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Farewell to a good man and a friend

Published on: April 19, 2017

Farewell to a good man and a friend


Brutus was the best dog. Nothing seemed to ruffle his feathers….or, rather, his fur. Like straight out of a stereotype, he would actually fetch the newspaper from the driveway. Who knew dogs actually did that? He was kind and patient to a seemingly infinite degree. He was also the long-time fishing buddy to my friend and one-time neighbor, Steve Fagen.

Eventually, due to advancing age, fishing became a challenge for Brutus but spending time with Steve, his human, was so important that he chose taking on the challenge, even if it may have hurt a little.

Until he no longer could.

Steve Fagen was omnipresent at South Hillsborough events. He is pictured here at a recent Ruskin Seafood Festival. He was a good man and a good friend — to me and so many others.
Mitch Traphagen Photo

Not long after, Brutus left this world confident that Steve was able to fish without him. But he left a ripple in the universe. The world seemed less bright, less wondrous without Brutus in it. When we were neighbors, I would often see Brutus out front, never leaving the yard without permission, never wanting to, either. I would stop and tell Steve that someday I would dog nap him. While I scratched his graying fur he would look at me with his big brown eyes that had so much behind them…emotions, thoughts, loyalty, intelligence and more.

Dogs like Brutus are rare. Even humans like Brutus are rare. There is no doubt that he was an incredibly intelligent and sensitive canine, but there was something else — he loved Steve and Steve loved him. His demeanor spoke volumes about his owner, his human. A very good dog comes from a very good human being.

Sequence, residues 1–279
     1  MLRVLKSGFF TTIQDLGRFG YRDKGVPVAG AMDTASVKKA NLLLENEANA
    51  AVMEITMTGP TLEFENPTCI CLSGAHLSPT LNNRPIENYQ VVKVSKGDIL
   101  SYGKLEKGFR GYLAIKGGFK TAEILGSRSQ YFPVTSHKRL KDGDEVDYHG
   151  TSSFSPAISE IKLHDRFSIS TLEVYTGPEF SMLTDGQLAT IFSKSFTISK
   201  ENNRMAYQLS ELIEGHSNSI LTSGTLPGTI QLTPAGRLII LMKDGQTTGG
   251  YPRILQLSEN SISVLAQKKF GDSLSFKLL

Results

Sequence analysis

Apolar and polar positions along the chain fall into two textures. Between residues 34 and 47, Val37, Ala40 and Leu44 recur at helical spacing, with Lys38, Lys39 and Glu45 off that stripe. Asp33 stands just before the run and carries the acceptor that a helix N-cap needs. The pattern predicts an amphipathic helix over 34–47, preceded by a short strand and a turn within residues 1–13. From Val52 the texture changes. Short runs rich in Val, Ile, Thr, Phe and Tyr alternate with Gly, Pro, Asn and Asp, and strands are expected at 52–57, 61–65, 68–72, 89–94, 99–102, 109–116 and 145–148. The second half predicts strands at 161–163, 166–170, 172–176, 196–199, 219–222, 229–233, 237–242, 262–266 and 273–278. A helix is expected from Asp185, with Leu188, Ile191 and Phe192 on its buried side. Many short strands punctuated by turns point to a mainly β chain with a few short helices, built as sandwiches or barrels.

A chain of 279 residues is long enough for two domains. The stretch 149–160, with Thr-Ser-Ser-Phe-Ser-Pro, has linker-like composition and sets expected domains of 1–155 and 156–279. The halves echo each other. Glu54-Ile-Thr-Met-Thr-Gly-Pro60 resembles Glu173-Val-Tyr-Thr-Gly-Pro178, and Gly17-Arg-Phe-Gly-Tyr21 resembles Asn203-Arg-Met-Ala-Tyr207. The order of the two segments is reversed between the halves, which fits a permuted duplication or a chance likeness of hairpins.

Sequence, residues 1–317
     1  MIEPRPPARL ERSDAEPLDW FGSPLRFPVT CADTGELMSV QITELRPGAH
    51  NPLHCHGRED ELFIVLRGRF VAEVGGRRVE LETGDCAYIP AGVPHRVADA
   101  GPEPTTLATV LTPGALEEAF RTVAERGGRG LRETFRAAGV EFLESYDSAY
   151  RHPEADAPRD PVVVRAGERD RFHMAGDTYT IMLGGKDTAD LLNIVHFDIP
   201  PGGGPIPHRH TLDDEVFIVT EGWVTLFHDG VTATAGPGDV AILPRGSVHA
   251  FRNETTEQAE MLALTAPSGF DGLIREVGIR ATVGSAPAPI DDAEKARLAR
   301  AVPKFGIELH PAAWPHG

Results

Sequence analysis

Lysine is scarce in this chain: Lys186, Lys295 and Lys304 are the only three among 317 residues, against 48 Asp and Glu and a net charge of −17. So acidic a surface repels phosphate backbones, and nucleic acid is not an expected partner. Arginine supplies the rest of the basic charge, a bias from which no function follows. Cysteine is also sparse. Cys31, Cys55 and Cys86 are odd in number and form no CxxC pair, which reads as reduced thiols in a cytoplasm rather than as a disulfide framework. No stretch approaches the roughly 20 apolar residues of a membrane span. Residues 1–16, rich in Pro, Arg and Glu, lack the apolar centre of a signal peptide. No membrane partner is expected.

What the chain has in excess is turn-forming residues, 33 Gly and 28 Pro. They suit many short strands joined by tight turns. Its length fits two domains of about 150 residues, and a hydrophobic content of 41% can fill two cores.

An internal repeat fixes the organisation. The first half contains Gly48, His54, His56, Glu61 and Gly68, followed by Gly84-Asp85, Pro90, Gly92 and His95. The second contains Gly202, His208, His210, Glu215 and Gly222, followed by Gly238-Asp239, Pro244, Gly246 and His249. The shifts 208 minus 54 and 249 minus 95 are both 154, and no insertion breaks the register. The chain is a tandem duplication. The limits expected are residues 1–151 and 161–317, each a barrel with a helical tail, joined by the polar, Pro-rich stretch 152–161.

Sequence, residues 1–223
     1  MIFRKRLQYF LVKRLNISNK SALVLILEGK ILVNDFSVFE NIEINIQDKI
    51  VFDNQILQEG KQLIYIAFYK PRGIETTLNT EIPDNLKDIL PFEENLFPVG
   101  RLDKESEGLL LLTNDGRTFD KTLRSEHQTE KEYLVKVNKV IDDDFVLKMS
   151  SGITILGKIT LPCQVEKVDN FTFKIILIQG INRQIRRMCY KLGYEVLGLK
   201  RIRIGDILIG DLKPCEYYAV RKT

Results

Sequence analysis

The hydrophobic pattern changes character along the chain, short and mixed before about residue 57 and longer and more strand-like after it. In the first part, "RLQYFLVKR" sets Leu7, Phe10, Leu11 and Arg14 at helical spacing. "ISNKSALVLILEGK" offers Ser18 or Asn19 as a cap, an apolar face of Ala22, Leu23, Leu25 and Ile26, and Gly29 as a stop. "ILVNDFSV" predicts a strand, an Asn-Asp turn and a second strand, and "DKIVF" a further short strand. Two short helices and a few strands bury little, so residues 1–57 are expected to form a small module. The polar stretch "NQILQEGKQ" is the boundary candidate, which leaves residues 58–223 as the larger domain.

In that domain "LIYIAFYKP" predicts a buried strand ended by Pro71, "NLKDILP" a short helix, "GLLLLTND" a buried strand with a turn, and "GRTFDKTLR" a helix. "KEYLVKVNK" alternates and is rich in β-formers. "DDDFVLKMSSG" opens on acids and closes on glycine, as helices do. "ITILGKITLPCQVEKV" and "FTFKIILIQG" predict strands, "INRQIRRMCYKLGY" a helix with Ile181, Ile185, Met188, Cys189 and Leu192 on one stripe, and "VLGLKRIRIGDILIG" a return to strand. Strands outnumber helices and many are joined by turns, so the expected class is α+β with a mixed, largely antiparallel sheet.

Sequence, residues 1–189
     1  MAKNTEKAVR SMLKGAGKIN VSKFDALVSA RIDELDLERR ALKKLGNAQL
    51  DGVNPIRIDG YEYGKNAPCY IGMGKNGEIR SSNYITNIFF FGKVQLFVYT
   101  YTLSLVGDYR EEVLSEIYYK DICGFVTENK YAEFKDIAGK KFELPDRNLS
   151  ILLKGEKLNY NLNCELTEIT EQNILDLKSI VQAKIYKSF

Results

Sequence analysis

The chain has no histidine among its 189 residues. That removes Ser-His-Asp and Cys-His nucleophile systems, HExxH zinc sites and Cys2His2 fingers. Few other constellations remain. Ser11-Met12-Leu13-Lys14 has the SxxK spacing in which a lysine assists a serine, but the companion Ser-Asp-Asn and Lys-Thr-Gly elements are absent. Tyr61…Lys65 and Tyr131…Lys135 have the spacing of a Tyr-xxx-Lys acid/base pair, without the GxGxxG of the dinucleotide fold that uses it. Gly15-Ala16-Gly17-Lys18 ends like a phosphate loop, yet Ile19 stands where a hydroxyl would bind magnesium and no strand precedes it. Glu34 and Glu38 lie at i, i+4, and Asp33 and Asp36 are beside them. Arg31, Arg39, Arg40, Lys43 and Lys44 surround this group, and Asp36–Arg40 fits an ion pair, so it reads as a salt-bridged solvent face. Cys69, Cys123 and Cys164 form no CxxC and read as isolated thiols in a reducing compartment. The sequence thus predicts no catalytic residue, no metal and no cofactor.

Last week, unexpectedly, heartbreakingly for those of us who remain, Steve Fagen joined his beloved Brutus somewhere over the Rainbow Bridge. The image of the two of them reunited is the only thought that provides some measure of comfort in this world, suddenly made less wondrous, less happy and palpably colder in Steve’s absence.

I honestly can’t imagine not seeing Steve’s smiling face on my frequent trips down my former street.

I can’t imagine South Hillsborough without the “Mullet Man,” a man who cared so deeply about his family and his community that he continuously gave of himself.

I can’t imagine going to an area event without him there.

I can’t imagine not seeing him and his red “Mullet Shack” on Saturdays at U.S. 41 and Big Bend Road.

I can’t imagine no longer having his inspiration — the man who did what he needed to do for his family and would always do what he could for his friends. And nearly everyone he met was his friend.

I can’t imagine that a man so full of life is no longer in this life. No one was more full of life than Steve.

I can’t imagine that I will no longer be able to revel in his photos from his fishing experiences.

I can’t imagine not seeing his words of “Uh oh” with a photo showing dark clouds taken from his boat somewhere on the bay.

Most importantly, I can’t imagine the grief felt by his son and his lovely, gentle, and generous wife, Bridget.

But I can certainly feel a little of it. When I heard the news, my reaction was disbelief. It was not possible. I told my wife, Michelle, and her response was, “No….no….no…”

The tears that formed in my eyes betrayed my refusal to believe it.

Steve was among the most dedicated, passionate, honest and hard-working men I’ve known. He always did what he had to do, even when that must sometimes have been difficult. And still, he had a smile for anyone he encountered.

He always overcame the challenges in life with such dignity and always with a positive attitude. And he faced some significant challenges. His smile never faded, though. His heart never turned cold. Somehow he became an even better man for all of it.

Though most people knew him as the “Mullet Man,” I never really called him that. I’ve been fortunate to have called him a friend.

I am so happy that you are with Brutus, Steve. I am so sad that you are not here with us, with your son and loving wife. I can only hope that, like Brutus, I’m worthy of seeing you again someday.

Godspeed my friend.

A celebration of Steve Fagen’s life, a man who touch so many, will be held at 11 a.m. on Saturday, April 22 at E.G. Simmons Park in Ruskin. There is a mandatory $2 per car entrance fee collected by Hillsborough County.